“The public launch of NACs strategically preceded the fifteenth meeting of the Conference of the Parties to the Convention on Biological Diversity, the biggest biodiversity conference in a decade. Under the pretext of turning 30% of the globe into “protected areas”, the largest global land grab in history is underway. Built on a foundation of white supremacy, this proposal will displace hundreds of millions, furthering the ongoing genocide of Indigenous peoples. The tragic irony is this: while Indigenous peoples represent less than 5% of the global population, they support approximately 80% of all biodiversity.“
IEG, in discussing NACs, tellingly notes that proceeds from a NAC’s IPO can be used for the acquisition of more land by its controlling entities or used to boost the budgets or funds of those who receive the capital from the IPO. This is a far cry from the NYSE/IEG sales pitch that NACs are “different” because their IPOs will be used to “preserve and protect” natural areas.
The climate change panic that is now rising to the take the place of COVID-19 panic will surely be used to savvily market NACs and similar tactics as necessary to save the planet, but – rest assured – NACs are not a move to save the planet, but a move to enable the same interests responsible for the current environmental crises to usher in a new era where their predatory exploitation reaches new heights that were previously unimaginable.
UN Press Release: New Financial Alliance for Net Zero Emissions Launches
PRESS RELEASE ISSUED ON BEHALF OF THE COP25 and COP26 CLIMATE CHAMPIONS
Industry-led and UN-convened Net Zero Banking Alliance also announced today, co-launched by the UNEP Finance Initiative and the Financial Services Taskforce of the Sustainable Markets Initiative
• The Glasgow Financial Alliance for Net Zero (GFANZ), chaired by Mark Carney, UN Special Envoy on Climate Action and Finance, brings together over 160 firms (together responsible for assets in excess of $70 trillion1) from the leading net zero initiatives across the financial system to accelerate the transition to net zero emissions by 2050 at the latest.
• All GFANZ member alliances must be accredited by the UN Race to Zero campaign. They must use science-based guidelines to reach net zero emissions, cover all emission scopes, include 2030 interim target setting, and commit to transparent reporting and accounting in line with the UN Race to Zero criteria.
• 43 banks from 23 countries (with assets of $28.5 trillion) form the Net-Zero Banking Alliance (NZBA) today - which joins GFANZ - with its members committing to align operational and attributable emissions from their portfolios with pathways to net-zero by 2050 or sooner.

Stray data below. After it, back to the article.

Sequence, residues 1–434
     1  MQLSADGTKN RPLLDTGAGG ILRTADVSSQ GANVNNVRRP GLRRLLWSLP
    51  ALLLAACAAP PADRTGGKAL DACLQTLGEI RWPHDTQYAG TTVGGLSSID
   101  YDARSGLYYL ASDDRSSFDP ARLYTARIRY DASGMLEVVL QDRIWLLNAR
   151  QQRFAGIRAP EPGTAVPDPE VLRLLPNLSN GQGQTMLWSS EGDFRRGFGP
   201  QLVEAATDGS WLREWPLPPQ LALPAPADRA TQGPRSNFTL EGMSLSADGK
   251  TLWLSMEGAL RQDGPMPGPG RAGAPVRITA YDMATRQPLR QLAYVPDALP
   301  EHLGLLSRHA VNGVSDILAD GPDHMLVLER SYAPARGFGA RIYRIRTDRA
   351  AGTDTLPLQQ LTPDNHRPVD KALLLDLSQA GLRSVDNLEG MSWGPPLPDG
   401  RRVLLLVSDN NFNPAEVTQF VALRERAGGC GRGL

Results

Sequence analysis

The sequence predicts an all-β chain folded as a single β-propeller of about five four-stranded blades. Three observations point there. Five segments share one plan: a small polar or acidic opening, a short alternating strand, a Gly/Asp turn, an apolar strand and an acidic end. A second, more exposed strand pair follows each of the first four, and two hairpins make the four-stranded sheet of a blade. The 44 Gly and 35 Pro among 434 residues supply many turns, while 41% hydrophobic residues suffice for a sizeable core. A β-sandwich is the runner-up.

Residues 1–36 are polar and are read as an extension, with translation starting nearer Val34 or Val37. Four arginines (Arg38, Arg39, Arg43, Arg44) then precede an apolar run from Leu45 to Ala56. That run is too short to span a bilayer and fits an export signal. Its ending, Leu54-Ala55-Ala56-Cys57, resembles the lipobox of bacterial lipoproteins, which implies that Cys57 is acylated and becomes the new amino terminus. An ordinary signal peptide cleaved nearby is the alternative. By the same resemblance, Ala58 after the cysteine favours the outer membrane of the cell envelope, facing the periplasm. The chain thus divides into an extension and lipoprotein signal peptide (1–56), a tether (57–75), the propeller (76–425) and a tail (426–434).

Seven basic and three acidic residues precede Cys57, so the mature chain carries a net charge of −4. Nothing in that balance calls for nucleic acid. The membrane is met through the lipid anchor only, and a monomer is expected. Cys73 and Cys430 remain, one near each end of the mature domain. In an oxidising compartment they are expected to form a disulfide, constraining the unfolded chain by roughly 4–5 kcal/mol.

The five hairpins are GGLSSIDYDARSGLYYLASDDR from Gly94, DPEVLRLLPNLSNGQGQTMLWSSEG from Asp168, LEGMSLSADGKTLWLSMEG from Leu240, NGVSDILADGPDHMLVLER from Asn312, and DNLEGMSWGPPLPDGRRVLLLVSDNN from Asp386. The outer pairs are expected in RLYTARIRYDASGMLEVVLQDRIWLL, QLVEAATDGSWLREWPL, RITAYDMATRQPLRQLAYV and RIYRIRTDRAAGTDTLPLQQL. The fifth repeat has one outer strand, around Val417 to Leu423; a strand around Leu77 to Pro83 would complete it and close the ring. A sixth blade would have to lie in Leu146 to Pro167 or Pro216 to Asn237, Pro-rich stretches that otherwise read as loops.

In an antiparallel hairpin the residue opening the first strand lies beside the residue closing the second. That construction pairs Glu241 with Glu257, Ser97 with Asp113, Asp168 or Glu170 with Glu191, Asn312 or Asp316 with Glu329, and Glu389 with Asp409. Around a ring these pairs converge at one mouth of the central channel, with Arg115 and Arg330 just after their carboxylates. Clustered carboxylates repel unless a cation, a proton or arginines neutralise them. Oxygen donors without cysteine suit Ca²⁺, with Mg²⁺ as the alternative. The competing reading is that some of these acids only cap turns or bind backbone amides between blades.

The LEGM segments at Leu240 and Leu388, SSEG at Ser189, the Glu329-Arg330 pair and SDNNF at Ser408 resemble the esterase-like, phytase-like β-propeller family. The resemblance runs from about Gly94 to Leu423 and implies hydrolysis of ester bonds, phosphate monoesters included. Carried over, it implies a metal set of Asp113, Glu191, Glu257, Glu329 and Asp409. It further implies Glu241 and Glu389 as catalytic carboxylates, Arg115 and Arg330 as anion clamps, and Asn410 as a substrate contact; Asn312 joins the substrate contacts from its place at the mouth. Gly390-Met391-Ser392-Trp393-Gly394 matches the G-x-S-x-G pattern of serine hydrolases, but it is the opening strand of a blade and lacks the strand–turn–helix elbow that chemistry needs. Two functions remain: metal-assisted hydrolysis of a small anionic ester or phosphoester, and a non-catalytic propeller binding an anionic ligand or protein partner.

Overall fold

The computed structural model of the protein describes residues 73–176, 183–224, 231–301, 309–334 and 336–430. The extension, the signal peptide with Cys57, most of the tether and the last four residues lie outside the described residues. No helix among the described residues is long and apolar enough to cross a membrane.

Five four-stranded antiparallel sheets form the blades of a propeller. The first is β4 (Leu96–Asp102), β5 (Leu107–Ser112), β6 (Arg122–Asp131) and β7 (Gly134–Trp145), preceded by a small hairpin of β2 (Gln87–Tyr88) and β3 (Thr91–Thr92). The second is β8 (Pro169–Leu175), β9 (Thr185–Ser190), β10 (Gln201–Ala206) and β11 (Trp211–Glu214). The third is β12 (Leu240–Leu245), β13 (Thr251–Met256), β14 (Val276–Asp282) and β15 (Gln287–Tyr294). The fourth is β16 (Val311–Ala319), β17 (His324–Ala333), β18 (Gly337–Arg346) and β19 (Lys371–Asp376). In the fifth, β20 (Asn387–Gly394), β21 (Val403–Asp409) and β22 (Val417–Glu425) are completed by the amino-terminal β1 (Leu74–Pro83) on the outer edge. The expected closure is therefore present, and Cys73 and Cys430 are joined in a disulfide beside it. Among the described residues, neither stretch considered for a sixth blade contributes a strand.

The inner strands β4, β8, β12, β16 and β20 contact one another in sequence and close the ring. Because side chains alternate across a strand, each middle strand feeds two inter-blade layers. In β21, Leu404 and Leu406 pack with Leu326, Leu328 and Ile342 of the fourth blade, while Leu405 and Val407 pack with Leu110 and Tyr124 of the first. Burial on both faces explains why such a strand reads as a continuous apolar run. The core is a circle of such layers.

• The Net-Zero Banking Alliance is convened by the United Nations Environment Programme Finance Initiative and co-launched by the Prince of Wales’ Sustainable Markets Initiative Financial Services Taskforce (FSTF).
21 April 2021 - Today, on the eve of President Biden’s Head of State Climate Summit, Mark Carney (the UK Prime Minister’s Finance Advisor for COP26 and UN Special Envoy for Climate Action and Finance) – in partnership with the UNFCCC Climate Action Champions and the UN Race to Zero campaign, and the COP26 Presidency – join the Honorable John Kerry, US Special Presidential Envoy for Climate and the Honorable Janet Yellen, US Treasury Secretary to launch a global alliance that brings together existing and new net zero finance initiatives into one sector-wide strategic forum: The Glasgow Financial Alliance for Net Zero
GFANZ will work to mobilise the trillions of dollars necessary to build a global zero emissions economy and deliver the goals of the Paris Agreement. GFANZ will provide a forum for strategic coordination among the leadership of finance institutions from across the finance sector to accelerate the transition to a net zero economy. All initiatives in GFANZ require signatories to set science-aligned interim and long-term goals to reach net zero no later than 2050 in line with Race to Zero’s criteria. These goals are supplemented by member-determined short-term targets and action plans.
The industry-led Net-Zero Banking Alliance (NZBA), hosted by the United Nations Environment Programme Finance Initiative (UNEP FI) and co-launched by the Financial Services Taskforce (FSTF) of the Prince of Wales’ Sustainable Markets Initiative (SMI), is the newest net zero alliance. NZBA brings together an initial cohort of 43 of the world’s leading banks with a focus on delivering the banking sector’s ambition to align its climate commitments with the Paris Agreement goals with collaboration, rigour, and transparency.
The NZBA joins existing initiatives: the Net Zero Asset Managers Initiative and the UN-convened Net-Zero Asset Owner Alliance.
State Street Global Advisors, Trillium Asset Management, and Coutts are also joining the Net Zero Asset Managers Initiative today, bringing its membership to 87 members with assets under management representing over $37 trillion. The Paris Aligned Investment Initiative is joining the Race to Zero. The UN-convened Net Zero Asset Owner Alliance’s 37 members, with over $5.7 trillion assets under management, are demonstrating ambition by already setting science-aligned targets for 2025.